Neutron beam monitors are key instrumental components in neutron scattering science; they are used to measure the instantaneous neutron flux upstream the sample in order to normalize the experimental data. The measurement consists in converting a small fraction of the neutron beam into individual pulses or into a current signal. Among the different monitoring systems used, Uranium fission chambers operated in pulse mode are considered as the state of the art, thanks to their robustness, high stability and low sensitivity to gamma. Their sensitivity to thermal neutrons is proportional to the density of U235 atoms in the thin convertor film deposited inside the chamber. This parameter being fixed by fabrication, it must be specified according to the range of counting rate the monitor must deal with; this range is defined on one hand by the limit of statistical fluctuation imposed by the experiments performed on the instrument, and on the other hand by the limit of counting rate before monitor saturation becomes an issue. The optimal sensitivity of a beam monitor is the one corresponding to this second limit. When purchasing a fission chamber, the requested sensitivity is generally specified in a conservative way, at a value lower than the optimal sensitivity. This is done to take into account 2 types of uncertainty: first a factor of 2 discrepancy between the sensitivity specified and the sensitivity measured is not rare. Second, the precise value of the maximum flux deliverable on an instrument is often lacking, in particular for new instruments. This reduction of the monitor sensitivity results in a degraded normalization procedure at low flux, due to poorer statistics. To this respect, a beam monitor with adjustable sensitivity would be of considerable interest. The MultiTube beam monitor presented in this paper allows changing the neutron sensitivity parameter easily. Its principle consists of proportional counters machined side by side by spark erosion in a block of Aluminum. The gas mixture contains a small fraction of a neutron sensitive component, generally 3He or N2, and a valve allows changing the gas mixture. Even though the wall of the tubes is 0.5 mm thick, this beam monitor can be operated in a vacuum environment without deformation of its mechanical structure. Furthermore, the MultiTube does not emit fast neutrons like in U235 fission chambers.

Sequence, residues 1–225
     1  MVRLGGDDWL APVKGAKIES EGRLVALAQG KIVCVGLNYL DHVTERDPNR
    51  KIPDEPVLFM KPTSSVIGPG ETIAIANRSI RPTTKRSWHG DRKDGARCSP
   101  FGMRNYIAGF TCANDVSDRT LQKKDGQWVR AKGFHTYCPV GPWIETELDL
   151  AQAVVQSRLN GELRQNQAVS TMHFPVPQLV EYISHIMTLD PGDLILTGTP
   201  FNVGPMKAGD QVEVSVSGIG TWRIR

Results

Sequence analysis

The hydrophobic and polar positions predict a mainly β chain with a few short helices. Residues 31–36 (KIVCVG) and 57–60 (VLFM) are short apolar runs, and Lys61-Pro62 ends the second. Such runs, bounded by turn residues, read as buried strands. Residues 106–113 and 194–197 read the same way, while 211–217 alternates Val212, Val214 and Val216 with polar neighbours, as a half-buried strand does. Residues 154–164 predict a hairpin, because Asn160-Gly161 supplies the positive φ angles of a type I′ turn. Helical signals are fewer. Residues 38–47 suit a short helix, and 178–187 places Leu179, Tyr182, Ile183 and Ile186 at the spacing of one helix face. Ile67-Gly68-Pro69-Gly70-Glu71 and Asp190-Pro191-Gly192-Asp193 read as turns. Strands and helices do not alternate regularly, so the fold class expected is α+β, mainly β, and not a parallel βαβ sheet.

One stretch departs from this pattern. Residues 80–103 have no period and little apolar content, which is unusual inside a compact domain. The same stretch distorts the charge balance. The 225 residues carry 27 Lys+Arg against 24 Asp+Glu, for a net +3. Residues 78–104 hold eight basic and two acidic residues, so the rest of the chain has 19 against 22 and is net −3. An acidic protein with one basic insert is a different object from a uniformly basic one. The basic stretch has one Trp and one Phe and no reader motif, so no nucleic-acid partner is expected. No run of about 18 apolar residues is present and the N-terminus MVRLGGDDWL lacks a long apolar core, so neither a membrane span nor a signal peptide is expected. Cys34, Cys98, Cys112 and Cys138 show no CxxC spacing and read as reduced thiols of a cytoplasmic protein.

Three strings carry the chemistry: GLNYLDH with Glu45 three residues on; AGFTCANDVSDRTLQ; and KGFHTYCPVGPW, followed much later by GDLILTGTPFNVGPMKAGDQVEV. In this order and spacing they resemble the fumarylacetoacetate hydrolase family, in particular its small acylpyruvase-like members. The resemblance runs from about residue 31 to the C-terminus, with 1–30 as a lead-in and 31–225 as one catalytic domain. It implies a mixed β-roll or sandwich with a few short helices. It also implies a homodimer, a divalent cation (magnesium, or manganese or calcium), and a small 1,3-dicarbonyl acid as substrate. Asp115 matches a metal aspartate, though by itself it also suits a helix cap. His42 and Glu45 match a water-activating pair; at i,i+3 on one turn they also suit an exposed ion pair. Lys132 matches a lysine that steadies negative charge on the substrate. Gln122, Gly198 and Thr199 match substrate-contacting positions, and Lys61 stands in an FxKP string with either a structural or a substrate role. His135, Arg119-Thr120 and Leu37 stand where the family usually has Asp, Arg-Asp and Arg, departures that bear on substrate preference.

For all those aspects, the gas-filled MultiTube monitor is an attractive alternative as it allows adjusting the detection efficiency with a very good accuracy – around the percent level – and covering a broad range of efficiencies, at least comparable to Uranium fission chambers. Experimental results show that it provides a more uniform response, and a better transparency to neutrons, close to 97.5 %, thanks to the 0.5-mm thick aluminum windows and to the absence of organic materials. Its intrinsic geometry guarantees a fast charge collection and the possibility to operate the detector at low pressure enhances further its high counting rate capability. So far, the monitor was tested up to 800 kHz with reasonable count losses (< 10 %). Number of other options, available thanks to the “Multitube” geometry, will be presented, such as absolute flux determination of monochromatic beams, beam profile in 1D, and beam mapping in 2D.